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Trump Advocating (Unconstitutional) ‘Stop and Frisk’ Program To Stop Black-On-Black Crime


Image of Donald Trump via Shutterstock On Wednesday while recording a “core black issues” town hall interview conducted by Sean Hannity, Donald Trump took an audience question about stopping “black on black crime.” Trump’s answer, which will air as part of a Fox News Channel broadcast, was pretty to the point: He’d institute a “stop-and-frisk” law on a nationwide level.

Stop-and-frisk programs are exactly what you’d expect them to be: They allow police to stop someone on the street based on suspicion of criminal activity. However, while Trump said that “[I]n New York City, it was so incredible, the way [stop-and-frisk] worked”, studies showed it wasn’t effective and it was ruled unconstitutional by a federal judge in 2013.

In the ruling, Judge Shira A. Scheindlin noted that “the stopped population is overwhelmingly innocent — not criminal” and that there’s “no basis for assuming that an innocent population shares the same characteristics as the criminal suspect population in the same area.” Perhaps most tellingly, though, she also wrote that the law targeted “blacks and Hispanics who would not have been stopped if they were white.”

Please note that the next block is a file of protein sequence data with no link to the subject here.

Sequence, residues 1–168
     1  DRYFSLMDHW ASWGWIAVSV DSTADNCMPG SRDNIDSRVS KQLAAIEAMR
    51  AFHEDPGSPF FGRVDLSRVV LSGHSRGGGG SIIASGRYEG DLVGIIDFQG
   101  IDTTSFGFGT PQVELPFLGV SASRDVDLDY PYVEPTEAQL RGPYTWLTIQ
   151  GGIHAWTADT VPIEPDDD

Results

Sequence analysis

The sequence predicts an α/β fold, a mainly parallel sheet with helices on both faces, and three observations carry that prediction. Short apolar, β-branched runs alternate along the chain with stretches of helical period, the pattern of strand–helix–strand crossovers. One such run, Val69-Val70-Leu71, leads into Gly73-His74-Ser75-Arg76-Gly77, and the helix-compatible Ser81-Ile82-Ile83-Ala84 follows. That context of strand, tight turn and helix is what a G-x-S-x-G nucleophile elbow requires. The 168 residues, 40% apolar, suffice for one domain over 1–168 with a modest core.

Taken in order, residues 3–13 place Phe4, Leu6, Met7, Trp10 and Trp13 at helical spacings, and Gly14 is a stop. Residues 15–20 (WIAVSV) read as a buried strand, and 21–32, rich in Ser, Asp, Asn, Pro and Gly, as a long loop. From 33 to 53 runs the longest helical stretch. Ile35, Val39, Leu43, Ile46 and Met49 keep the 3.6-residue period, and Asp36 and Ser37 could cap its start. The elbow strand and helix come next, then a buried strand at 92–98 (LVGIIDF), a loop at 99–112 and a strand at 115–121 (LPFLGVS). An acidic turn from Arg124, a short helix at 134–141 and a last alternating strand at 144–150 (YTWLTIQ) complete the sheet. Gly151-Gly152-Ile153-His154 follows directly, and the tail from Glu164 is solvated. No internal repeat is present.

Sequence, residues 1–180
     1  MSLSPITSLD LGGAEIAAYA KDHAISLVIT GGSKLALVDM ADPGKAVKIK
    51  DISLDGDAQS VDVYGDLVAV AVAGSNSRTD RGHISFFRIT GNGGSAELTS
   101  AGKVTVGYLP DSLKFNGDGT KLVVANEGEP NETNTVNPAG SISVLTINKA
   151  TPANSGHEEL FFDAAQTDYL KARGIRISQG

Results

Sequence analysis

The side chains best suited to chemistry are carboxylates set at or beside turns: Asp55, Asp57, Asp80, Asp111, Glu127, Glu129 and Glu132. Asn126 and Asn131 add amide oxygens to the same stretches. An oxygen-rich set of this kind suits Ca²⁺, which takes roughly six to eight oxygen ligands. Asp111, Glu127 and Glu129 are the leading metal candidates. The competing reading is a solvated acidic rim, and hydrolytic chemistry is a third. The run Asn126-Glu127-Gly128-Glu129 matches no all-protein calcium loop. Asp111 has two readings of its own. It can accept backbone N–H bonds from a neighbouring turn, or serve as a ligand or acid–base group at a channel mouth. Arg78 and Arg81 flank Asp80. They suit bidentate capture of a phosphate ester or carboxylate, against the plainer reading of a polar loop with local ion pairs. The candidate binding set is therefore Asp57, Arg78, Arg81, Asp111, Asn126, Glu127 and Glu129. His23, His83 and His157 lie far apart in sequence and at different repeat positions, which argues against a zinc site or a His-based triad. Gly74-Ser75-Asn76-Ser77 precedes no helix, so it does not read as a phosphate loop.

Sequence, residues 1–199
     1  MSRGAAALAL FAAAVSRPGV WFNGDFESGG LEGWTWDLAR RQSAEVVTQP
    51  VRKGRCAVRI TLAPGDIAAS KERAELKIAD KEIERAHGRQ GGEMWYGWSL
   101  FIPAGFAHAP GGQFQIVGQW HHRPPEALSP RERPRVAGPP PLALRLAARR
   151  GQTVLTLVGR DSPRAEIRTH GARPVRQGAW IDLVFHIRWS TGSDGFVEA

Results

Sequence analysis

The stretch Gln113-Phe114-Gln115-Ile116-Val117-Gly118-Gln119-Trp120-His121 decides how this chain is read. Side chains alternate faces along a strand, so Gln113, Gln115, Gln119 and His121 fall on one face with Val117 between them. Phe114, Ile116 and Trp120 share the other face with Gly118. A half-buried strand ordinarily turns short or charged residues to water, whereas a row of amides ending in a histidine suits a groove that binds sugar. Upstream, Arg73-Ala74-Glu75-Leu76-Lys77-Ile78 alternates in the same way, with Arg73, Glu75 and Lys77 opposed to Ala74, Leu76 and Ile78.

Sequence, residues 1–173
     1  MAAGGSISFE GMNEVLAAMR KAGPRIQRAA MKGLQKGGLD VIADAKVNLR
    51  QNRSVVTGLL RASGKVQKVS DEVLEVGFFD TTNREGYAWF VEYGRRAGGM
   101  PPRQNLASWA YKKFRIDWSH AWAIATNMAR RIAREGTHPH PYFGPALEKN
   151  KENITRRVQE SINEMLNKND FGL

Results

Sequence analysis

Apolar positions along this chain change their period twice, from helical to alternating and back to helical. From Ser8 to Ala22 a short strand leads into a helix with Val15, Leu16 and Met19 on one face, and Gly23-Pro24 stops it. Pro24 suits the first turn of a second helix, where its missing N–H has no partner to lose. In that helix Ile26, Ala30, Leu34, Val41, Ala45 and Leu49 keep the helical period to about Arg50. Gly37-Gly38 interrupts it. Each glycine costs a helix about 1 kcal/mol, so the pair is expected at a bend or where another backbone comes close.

For his full thoughts on the matter, here is the unedited transcript of Trump’s stop-and-frisk answer:

Right, well, one of the things I’d do, Ricardo, is I would do stop-and-frisk. I think you have to. We did it in New York, it worked incredibly well, and you have to be proactive, and, you know, you really help people sort of change their mind automatically, you understand, you have to have,  in my opinion, I see what’s going on here, I see what’s going on in Chicago, I think stop-and-frisk, in New York City, it was so incredible, the way it worked. Now, we had a very good mayor, but New York City was incredible, the way that worked, so I think it could be one step you could do.

[Photo: Shutterstock]

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David Bixenspan is a writer, editor, and podcaster based in New York.